Abstract

Photographs are shown which are the images of atoms of helium, neon and argon as obtained by x-ray diffraction, magnified about 2×108 times. The images are obtained by photographing a rotating template whose shape is calculated by a mathematical transformation of our measured values of the x-rays scattered by the respective gases. This mathematical-mechanical procedure corresponds to the lens which forms the image when a microscope is used. The images formed by our procedure should be true representations of the electron distributions in the atom, except for the limited resolving power and certain minor aberrations. The photographs show the helium atom as a diffusely continuous region filled with electricity. In neon, the inner group of K electrons is clearly distinguishable from the L electron group. The resolving power is insufficient to distinguish the K and L groups of electrons in argon, but does separate these from the M electrons. The appearance of these atoms is in good accord with modern quantum theory of atomic structure.

© 1934 Optical Society of America

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References

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  1. A. A. Michelson, Studies in Optics (University of Chicago Press, 1928), p. 60.
  2. W. L. Bragg, Zeits. f. Krist. 70, 489 (1929); The Crystalline State (Macmillan, 1934), p. 227. The photographs obtained by Bragg do not show as great detail in the structure of the atoms as those here presented. This is doubtless due in part to the fact that the photographic method of obtaining the image which he uses must result in considerable loss of detail; but there is also the essential limitation of the crystal method that the atoms which are photographed are in thermal motion about their neutral positions. This, of course, makes a blurred image. Our method, being based on diffraction by gaseous molecules, assumes a random arrangement, and is hence unaffected by the thermal motion. Thus our practical resolving power almost equals the theoretical value.
  3. E. O. Wollan, Phys. Rev. 37, 862 (1931).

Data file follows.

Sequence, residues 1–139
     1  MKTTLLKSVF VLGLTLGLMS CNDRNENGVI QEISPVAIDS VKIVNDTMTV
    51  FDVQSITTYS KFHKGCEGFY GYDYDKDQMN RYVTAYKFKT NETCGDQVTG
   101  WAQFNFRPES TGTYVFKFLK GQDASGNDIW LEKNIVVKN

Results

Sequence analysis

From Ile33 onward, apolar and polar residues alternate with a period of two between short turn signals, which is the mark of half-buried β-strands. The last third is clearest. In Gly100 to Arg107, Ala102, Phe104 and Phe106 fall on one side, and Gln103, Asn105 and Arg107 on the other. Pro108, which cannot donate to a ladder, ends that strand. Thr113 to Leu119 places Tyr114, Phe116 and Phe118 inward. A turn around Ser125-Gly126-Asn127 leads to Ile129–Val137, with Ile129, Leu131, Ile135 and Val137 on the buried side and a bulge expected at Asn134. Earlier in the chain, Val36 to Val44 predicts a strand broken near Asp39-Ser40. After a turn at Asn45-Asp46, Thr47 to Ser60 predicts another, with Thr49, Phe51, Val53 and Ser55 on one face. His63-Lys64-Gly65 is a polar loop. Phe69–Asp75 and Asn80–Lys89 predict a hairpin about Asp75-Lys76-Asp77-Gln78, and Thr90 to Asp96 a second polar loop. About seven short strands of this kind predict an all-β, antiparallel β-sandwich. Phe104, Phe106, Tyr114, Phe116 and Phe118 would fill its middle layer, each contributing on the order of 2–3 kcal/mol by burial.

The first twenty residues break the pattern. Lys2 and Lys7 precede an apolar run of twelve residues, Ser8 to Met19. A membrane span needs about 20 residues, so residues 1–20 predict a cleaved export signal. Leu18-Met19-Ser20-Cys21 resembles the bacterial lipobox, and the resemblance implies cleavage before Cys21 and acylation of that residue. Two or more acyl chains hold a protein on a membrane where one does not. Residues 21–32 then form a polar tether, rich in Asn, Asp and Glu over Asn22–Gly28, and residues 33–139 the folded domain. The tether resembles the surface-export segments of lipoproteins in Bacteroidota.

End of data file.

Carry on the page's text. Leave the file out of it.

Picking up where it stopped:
[Crossref]
  4. A. H. Compton, Phys. Rev. 35, 925 (1930).
    [Crossref]
  5. For a more detailed account of these results, cf. E. O. Wollan, Rev. Mod. Phys. 4, 243 (1932).
    [Crossref]
  6. The x-ray scattering data on which the mercury atom photograph is based, were obtained by P. Scherrer and A. Stager, Helv. Phys. Acta 1, 518 (1928).
  7. H. E. White, Phys. Rev. 37, 1423 (1931).

1932 (1)

For a more detailed account of these results, cf. E. O. Wollan, Rev. Mod. Phys. 4, 243 (1932).
[Crossref]

1931 (2)

E. O. Wollan, Phys. Rev. 37, 862 (1931).
[Crossref]

H. E. White, Phys. Rev. 37, 1423 (1931).

1930 (1)

A. H. Compton, Phys. Rev. 35, 925 (1930).
[Crossref]

1929 (1)

W. L. Bragg, Zeits. f. Krist. 70, 489 (1929); The Crystalline State (Macmillan, 1934), p. 227. The photographs obtained by Bragg do not show as great detail in the structure of the atoms as those here presented. This is doubtless due in part to the fact that the photographic method of obtaining the image which he uses must result in considerable loss of detail; but there is also the essential limitation of the crystal method that the atoms which are photographed are in thermal motion about their neutral positions. This, of course, makes a blurred image. Our method, being based on diffraction by gaseous molecules, assumes a random arrangement, and is hence unaffected by the thermal motion. Thus our practical resolving power almost equals the theoretical value.

1928 (1)

The x-ray scattering data on which the mercury atom photograph is based, were obtained by P. Scherrer and A. Stager, Helv. Phys. Acta 1, 518 (1928).

Bragg, W. L.